sentimentality outruns their knowledge that Christianity is essentially an
attempt to carry out the personal teachings of Christ. It is nothing of the
sort, and no church authority will support that idea. Christianity--more
particularly after the ascendancy of the Trinitarian doctrine was
established--was and is a theological religion; it is the religion that triumphed
over Arianism, Manichseism, Gnosticism, and the like; it is based not on
Christ, but on its creeds. Christ, indeed, is not even its symbol; on the
contrary, the chosen symbol of Christianity is the cross to which Christ was
nailed and on which He died. It was very largely a religion of the legions. It
was the warrior Theodosius who, more than any single other man,
imposed it upon
There is no reason, therefore, either in precedent or profession, for expecting any plain lead from the churches in this tremendous task of organising and making effective the widespread desire of the world for peace. And even were this the case, it is doubtful if we should find in the divines and dignitaries of the Vatican, of the Russian and British official churches, or of any other of the multitudinous Christian sects, the power and energy, the knowledge and ability, or even the goodwill needed to negotiate so vast a thing as the creation of a world authority.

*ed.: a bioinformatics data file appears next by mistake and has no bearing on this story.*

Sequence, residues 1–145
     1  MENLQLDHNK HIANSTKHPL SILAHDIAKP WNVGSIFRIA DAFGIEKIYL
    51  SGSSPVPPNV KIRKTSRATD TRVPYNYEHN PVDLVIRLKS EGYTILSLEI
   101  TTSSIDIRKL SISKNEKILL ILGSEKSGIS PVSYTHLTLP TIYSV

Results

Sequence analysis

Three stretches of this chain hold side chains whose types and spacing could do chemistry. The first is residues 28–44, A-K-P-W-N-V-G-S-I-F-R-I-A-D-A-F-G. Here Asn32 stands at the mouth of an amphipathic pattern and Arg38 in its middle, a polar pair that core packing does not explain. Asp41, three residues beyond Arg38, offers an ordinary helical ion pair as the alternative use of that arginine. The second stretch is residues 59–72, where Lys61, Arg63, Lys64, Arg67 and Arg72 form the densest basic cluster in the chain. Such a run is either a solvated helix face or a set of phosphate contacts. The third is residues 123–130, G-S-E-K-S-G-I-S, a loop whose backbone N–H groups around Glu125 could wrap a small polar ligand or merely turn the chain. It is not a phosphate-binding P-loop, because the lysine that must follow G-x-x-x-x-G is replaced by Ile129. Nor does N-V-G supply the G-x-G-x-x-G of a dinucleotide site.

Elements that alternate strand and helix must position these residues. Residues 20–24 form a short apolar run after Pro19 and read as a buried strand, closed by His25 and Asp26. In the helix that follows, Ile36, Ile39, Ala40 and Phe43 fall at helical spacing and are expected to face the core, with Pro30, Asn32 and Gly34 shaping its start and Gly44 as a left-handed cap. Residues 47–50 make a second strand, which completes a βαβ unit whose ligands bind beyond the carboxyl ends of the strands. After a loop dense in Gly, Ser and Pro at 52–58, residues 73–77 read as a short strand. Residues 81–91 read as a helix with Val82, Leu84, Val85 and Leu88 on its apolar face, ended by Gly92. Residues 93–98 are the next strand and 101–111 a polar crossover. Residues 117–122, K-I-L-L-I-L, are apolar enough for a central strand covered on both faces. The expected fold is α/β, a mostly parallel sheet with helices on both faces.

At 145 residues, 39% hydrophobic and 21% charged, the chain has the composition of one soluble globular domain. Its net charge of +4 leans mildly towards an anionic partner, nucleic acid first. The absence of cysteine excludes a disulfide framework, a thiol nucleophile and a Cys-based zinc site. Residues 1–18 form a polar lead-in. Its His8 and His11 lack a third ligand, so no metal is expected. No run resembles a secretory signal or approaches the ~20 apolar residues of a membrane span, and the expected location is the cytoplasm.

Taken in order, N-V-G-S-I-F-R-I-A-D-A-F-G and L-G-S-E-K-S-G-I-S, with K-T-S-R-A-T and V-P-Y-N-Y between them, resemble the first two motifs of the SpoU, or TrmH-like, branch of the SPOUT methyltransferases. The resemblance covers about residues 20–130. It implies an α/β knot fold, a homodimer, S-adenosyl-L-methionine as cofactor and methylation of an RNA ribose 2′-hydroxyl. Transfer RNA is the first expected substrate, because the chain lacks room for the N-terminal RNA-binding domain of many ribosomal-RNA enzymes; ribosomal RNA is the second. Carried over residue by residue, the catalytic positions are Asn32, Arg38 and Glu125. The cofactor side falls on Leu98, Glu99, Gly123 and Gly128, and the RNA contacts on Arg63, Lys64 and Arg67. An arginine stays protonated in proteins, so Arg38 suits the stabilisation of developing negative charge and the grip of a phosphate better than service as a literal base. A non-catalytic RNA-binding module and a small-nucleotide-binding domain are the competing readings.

One other possible starting-point has been suggested. It is
no great feat for a naive imagination to suppose the President of the Swiss
Confederation or the President of the
But nothing of the sort occurs. And when you come to look
into the circumstances of these two Presidents you will discover that neither of
them is any more free than anybody else to embark upon the task of creating a
State-overriding, war-preventing organisation of the world. He has been created
by a system, and he is bound to a system; his concern is with the interests of
the people of
We are all, indeed, busy with the things that come to hand every day. We are all anxious for a permanent world peace, but we are all up to the neck in things that leave us no time to attend to this world peace that nearly every sane man desires.
Meanwhile, a small minority of people who trade upon contention--militarists, ambitious kings and statesmen, war contractors, loan mongers, sensational journalists--follow up their interests and start and sustain war.
There lies the paradoxical reality of this question. Our first inquiry lands us into the elucidation of this deadlock. Nearly everybody desires a world peace, and yet there is not apparent anywhere any man free and able and willing to establish it, while, on the other hand, there are a considerable number of men in positions of especial influence and power who will certainly resist the arrangements that are essential to its establishment.